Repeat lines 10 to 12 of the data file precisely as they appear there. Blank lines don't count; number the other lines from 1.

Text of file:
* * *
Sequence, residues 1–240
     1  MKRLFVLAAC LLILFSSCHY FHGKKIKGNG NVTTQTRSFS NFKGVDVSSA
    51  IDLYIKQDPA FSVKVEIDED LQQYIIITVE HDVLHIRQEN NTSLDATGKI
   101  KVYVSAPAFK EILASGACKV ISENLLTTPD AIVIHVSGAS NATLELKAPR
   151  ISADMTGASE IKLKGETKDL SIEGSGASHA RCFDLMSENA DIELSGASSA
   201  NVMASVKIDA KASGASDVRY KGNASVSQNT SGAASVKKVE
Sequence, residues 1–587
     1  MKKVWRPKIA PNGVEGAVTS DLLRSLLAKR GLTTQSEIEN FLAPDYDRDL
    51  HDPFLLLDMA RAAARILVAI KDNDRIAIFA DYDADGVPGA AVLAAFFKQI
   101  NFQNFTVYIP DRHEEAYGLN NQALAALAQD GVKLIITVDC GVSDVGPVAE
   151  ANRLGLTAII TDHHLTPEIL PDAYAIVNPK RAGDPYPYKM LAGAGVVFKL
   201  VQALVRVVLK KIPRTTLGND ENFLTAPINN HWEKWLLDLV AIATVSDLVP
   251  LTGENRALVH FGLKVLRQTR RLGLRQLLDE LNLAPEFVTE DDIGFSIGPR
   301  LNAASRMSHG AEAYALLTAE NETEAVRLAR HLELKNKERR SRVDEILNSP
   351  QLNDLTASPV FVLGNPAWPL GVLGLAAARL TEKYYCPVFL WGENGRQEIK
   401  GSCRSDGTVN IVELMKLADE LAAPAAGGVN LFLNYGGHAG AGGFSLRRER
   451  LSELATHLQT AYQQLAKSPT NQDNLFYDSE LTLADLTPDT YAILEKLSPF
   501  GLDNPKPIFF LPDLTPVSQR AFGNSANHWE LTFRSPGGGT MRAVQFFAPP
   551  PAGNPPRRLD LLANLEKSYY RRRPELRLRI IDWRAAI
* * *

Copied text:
   101  NFQNFTVYIP DRHEEAYGLN NQALAALAQD GVKLIITVDC GVSDVGPVAE
   151  ANRLGLTAII TDHHLTPEIL PDAYAIVNPK RAGDPYPYKM LAGAGVVFKL
   201  VQALVRVVLK KIPRTTLGND ENFLTAPINN HWEKWLLDLV AIATVSDLVP